WASHINGTON – Risky lending caused private student loan debt to balloon in the past decade, leaving many Americans struggling to pay off loans that they can't afford, a government study says.
Private lenders gave out money without considering whether borrowers would repay, then bundled and resold the loans to investors to avoid losing money when students defaulted, according to the study, which is being released today.
Those practices are closely associated with subprime mortgage lending, which inflated the housing bubble and helped bring about the 2008 financial crisis.
"Subprime-style lending went to college, and now students are paying the price," said Education Secretary Arne Duncan, whose department produced the report with the Consumer Financial Protection Bureau.
Duncan said the government must do more to ensure that people who received private loans enjoy the same protections as those who borrow from the federal government.
Student loans fall into two main categories: Loans directly from the government and those offered by banks and other private financial companies. The report focused on private student loans, which spiked from $5 billion in loans originated in 2001 to more than $20 billion in 2008. After the financial crisis, as lending standards tightened, the market shrank to $6 billion in 2011.
American consumers still owe more than $150 billion in private student loan debt, the study said. Including federal loans, Americans now owe more than $1 trillion in student loan debt, according to the CFPB. It has surpassed credit card debt as the biggest source of unsecured debt for U.S. consumers.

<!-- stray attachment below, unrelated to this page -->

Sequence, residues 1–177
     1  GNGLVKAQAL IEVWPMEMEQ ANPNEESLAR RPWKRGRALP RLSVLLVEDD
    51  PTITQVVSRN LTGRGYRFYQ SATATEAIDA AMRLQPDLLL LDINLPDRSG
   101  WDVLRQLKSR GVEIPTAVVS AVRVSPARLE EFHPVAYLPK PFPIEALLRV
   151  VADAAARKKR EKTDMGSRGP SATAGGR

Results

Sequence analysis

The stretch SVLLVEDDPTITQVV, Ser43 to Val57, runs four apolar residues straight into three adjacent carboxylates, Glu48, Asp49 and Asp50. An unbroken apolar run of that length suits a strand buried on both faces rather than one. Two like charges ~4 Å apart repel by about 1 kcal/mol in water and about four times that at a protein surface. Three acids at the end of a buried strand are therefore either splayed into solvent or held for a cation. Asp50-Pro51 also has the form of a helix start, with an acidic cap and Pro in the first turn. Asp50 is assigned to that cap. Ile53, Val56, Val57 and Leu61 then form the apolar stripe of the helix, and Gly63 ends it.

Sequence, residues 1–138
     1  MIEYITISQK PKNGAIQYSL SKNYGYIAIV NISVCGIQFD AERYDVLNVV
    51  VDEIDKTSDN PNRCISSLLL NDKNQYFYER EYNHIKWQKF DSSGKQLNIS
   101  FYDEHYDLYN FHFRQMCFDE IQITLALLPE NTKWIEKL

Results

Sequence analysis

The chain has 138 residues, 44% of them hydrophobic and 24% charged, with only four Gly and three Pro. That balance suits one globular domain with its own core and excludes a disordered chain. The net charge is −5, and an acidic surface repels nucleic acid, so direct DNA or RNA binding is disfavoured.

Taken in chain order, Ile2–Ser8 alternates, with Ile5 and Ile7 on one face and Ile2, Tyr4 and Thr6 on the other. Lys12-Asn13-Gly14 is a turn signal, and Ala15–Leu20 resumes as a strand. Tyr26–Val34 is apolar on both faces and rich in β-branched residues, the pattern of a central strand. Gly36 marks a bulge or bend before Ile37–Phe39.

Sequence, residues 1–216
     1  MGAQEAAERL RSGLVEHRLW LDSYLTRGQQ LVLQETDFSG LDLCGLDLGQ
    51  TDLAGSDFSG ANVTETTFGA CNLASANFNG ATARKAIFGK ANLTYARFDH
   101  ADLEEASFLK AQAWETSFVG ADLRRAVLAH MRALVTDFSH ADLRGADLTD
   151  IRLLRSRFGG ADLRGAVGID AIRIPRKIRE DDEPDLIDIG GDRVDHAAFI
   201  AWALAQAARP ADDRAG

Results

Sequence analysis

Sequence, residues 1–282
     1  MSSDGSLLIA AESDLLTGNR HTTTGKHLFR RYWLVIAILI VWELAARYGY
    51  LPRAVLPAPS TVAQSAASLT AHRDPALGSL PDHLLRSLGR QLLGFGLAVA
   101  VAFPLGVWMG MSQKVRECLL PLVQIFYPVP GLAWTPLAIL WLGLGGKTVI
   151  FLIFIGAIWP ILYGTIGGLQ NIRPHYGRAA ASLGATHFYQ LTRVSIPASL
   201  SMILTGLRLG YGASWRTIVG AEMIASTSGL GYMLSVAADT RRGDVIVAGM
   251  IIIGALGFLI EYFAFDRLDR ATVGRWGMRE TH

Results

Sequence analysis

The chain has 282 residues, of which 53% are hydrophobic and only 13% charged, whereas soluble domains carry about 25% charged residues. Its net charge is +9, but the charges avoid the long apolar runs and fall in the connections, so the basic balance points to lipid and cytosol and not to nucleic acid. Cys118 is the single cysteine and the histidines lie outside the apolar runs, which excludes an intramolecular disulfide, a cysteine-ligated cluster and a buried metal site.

Private student loans are riskier than federal loans, the study said. They often carry variable interest rates, which can cause monthly payments to rise unexpectedly. Federal loans offer fixed interest rates.
In many cases, if a borrower is unable to repay, federal loans can be postponed or reduced. Those options are rare for private loans, the study said.
Students often did not understand the difference between federal and private loans, the study said. That caused many to take out costly student loans when they were eligible for cheaper, safer government loans.
The study highlights a unique feature of student debt: Unlike other credit card balances and most other debt, it is nearly impossible to cancel student debt by filing for bankruptcy. That leaves many borrowers trapped, behind on loans that lenders are unwilling to modify, the study said. There are more than 850,000 private loans in default, worth more than $8.1 billion, it said.
"Too many student loan borrowers are struggling to pay off private student loans that they did not understand and cannot afford," said Richard Cordray, director of the Consumer Financial Protection Bureau. The CFPB was created in the wake of the financial crisis to protect people against unfair loans, unexpected fees and other financial threats.
Lending standards for private student loans were loose during the credit bubble of the mid-2000s, the report said. Because private lenders marketed directly to students, bypassing school financial aid officers, schools did not review borrowers' financial needs or enrollment status. As a result, many borrowed far more than they needed to pay for tuition. The loans went to people with increasingly weak credit scores, making repayment less likely, the study said.
The head of a trade group representing for-profit colleges said in a statement that private loans sometimes are necessary for people to complete their degrees.
"These loans provide students access to higher education opportunities that they would otherwise not be able to pursue," said Steve Gunderson, president and CEO of the Association of Private Sector Colleges and Universities.
The report is based on data from nine lenders on over more than 5 million loans made between 2005 and 2011, as well as data from five nonprofit lenders. It was required under a sweeping overhaul of financial rules passed by Congress in 2010.
It said that lenders have been more careful since the financial crisis reduced the amount of credit available. For example, in 2011, more than 90 percent of private student loans required a co-signer, compared with 67 percent in 2008.